• "I don't think I need to read any more Seth Godin books--they are all starting to sound the same. Love his stuff, but I get just as much reading his blogs. He definitely is an innovative thinker and pushes you to think about the norms of marketing today."
    • "I kinda like him — he is inspiring and fairly relevant, but I don't think his musings can carry the book. All nice ideas, that really pack a punch when condensed into the brevity of blogging, but the book seems halfway done and just too much repetition. It reads like a series of drafts to an articles on the same subject and not like a fully edited book."
  • The book lacks substance and value.
    • "Unimpressive and lacking substance: I don't consider myself a fan of Seth Godin, but I have enjoyed many of his books. When I saw a video of him talking at TED Talks recently, I decided to order Tribes. The truth is that the book was more than adequately summarized by the speech he gave @ TED. Beyond that, I cannot help but agree with the reviewers that point out the lack of substance in this work by Godin... By the end of the book, you are inevitably left wondering why did he need to publish an entire book about it. There's really indeed an unfortunate lack of substance in Tribes."
    • "All Glitz with Little Substance: Godin takes complex ideas and translates them into morsel size bites; though memorable, they often fail to capture the intricacy and application of the business practice. I question if he even believes what he writes. Tribes, in particular, focuses on the well researched principles and practices of employee commitment, culture, and communication. Yet, Godin oversimplifies the topic and stretches it to make an entire book out of it. I can count on one hand how many nuggets of wisdom I got out of it. Ironically, he's known to criticize the Kardashians. In my mind, he’s kind of the Kardashian of business writing — all glitz with little substance."
  • Lacks supporting research or evidence.
    • "A series of loosely connected thoughts with little structure, supporting evidence, or cohesive arguments. Godin jumps from one disconnected thought to another and sprinkles in buzz words and cheesy saying to drone about his thesis. E.g. "managers make widgets. Leaders make change." "Leaders lead when they take positions." The above is about the most profound statements you'll find. The rest is disjointed, stream of conscious, nonsense. Another passage: Great leaders create movements by empowering the tribe to communicate. They establish the foundation for people to make connections, as opposed to commanding people to follow them. This is how Skype spread around the world. Cofounder Niklas Zennstrom understood that overthrowing the tyranny of the phone companies was too big a project for a small company. But if he could empower the tribe to do it themselves, to connect to one another and to spread the word, he would be able to incite a movement. Godin then proceeds to never mention this again."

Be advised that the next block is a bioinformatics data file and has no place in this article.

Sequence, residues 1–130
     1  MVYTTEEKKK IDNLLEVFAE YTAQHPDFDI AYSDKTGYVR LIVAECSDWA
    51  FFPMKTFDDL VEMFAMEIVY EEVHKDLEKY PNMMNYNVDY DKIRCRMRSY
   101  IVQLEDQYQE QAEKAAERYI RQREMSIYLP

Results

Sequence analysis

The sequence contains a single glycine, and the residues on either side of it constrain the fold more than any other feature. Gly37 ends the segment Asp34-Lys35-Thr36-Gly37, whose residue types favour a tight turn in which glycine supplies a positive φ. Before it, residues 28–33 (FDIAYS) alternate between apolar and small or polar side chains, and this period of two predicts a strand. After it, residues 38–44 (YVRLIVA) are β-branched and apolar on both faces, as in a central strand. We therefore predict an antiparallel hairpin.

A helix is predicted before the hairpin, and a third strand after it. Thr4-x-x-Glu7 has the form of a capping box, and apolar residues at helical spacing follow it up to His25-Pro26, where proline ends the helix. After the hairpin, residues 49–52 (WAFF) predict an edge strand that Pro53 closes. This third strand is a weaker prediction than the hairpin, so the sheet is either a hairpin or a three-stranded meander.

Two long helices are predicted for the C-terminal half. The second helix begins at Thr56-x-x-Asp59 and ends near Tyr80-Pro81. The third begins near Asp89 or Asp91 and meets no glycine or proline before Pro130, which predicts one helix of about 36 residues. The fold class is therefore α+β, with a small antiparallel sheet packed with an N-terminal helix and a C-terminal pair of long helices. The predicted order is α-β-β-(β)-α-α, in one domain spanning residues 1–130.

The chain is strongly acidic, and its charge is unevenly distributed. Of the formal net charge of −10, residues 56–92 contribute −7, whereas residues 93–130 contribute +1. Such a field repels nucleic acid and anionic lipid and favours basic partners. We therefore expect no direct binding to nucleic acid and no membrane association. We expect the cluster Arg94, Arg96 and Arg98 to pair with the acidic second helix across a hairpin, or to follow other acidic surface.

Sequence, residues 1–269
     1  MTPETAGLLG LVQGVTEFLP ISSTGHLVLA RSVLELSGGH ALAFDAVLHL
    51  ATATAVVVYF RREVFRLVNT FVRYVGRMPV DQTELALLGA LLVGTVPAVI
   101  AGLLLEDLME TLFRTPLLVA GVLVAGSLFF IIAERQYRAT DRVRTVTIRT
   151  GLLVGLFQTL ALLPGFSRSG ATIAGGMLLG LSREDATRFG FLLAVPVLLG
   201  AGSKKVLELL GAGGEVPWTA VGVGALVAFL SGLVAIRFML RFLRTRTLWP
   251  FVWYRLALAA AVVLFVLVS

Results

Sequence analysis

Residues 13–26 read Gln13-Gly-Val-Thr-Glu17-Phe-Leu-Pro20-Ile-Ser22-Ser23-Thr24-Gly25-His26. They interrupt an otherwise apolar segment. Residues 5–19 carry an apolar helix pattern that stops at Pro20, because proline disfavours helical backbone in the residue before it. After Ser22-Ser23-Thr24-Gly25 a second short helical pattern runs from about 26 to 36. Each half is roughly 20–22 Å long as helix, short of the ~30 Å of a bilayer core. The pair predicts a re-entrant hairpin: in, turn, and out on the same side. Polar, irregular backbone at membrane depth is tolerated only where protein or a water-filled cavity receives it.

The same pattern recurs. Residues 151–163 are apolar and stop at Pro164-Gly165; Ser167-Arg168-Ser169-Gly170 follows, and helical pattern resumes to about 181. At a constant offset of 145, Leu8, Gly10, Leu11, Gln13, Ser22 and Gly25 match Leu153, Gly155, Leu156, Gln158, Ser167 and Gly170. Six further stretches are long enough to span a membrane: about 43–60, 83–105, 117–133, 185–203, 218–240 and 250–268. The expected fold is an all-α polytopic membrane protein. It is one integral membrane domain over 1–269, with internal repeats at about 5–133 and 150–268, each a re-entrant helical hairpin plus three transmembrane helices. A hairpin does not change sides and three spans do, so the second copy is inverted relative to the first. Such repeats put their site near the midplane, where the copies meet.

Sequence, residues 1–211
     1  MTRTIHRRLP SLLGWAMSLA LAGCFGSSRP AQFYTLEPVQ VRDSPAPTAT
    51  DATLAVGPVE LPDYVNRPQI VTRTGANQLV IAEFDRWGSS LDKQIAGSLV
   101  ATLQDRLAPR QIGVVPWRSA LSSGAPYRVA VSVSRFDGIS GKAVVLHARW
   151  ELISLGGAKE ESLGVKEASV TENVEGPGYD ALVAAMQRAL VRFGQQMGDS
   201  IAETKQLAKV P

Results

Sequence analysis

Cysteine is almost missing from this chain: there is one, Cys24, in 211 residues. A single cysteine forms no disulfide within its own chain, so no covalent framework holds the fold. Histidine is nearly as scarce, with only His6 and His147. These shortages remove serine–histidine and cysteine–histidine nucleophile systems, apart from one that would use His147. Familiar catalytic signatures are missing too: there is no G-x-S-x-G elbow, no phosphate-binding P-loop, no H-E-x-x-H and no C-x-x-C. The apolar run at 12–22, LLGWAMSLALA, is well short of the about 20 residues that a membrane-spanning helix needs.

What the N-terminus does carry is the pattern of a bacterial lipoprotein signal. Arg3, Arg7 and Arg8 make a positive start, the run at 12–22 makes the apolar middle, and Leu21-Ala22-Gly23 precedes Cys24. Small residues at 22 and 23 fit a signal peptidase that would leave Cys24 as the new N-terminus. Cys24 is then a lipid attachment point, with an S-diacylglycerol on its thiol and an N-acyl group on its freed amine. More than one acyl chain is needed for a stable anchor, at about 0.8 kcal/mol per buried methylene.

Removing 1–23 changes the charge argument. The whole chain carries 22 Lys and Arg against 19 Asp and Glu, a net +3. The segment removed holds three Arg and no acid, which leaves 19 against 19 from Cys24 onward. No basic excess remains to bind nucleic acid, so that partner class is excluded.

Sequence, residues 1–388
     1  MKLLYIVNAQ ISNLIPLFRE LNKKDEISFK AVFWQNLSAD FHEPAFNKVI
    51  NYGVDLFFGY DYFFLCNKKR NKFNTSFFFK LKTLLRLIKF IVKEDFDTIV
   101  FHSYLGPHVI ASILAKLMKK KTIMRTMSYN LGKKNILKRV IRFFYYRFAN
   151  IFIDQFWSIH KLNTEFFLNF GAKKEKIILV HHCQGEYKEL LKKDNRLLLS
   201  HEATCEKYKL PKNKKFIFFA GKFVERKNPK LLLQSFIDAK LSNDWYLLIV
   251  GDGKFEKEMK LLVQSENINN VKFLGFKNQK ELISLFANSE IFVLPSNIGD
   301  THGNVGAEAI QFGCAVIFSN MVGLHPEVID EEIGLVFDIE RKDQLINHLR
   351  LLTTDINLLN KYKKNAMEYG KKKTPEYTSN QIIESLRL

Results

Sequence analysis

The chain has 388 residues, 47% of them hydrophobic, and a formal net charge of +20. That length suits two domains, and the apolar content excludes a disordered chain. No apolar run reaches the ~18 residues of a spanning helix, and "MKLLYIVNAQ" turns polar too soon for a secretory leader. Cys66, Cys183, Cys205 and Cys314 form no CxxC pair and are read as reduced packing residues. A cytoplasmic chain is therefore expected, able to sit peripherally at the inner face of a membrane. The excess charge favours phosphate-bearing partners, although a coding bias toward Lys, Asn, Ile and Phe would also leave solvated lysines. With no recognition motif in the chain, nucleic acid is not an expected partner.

Purple Cow: Transform Your Business by Being Remarkable

What Readers Complain About

  • Terrible editing:
    • "Look, so far the actual message of the book is great. And perhaps for that reason alone, I’m here to share my disappointment with a sizable issue in the text of this piece that I truly hope they take the time to fix. The glaring problem that there seems to be at least one or two very obvious typos on every page. Whether it is the misspelling of a word, a space before a question mark, or a period missing at the end of the paragraph, it makes the text harder to read. The simple mistakes in this book are ridiculous. It almost looks like it was never edited before it was put into a Kindle book. As a writer myself, I know that if I’m going to publish something for sale, I damn well better have a second set of eyes go through a manuscript before I actually take it to market. It’s a bit offensive that they charged $15 for this, when they clearly didn’t spend any money on editing. Completely unacceptable."
    • "In spite of a bit of editing slip ups it's a very educating and interesting read. I like this author!! Thank you!"
  • Some readers found it redundant and unnecessarily repetitive:
    • "Let me start by saying that overall I’m very happy to have read this book. It launched some new ideas and introduced a unique perspective. That said, despite being written in such a small number of pages, the message was over delivered with an abundance of redundant examples. The premise is simple. In order to gain market attention, you must offer a “remarkable” product. While the author does provide ample case studies, there’s little in the way of actionable advice or framing on how one might apply this principle to their business. Again, glad I read the book as the concept was compelling but the simplicity of it felt like the whole book should be a chapter in a larger, more comprehensive guide."
    • "Has some good info but I feel like too much stuff in the book is just filler content."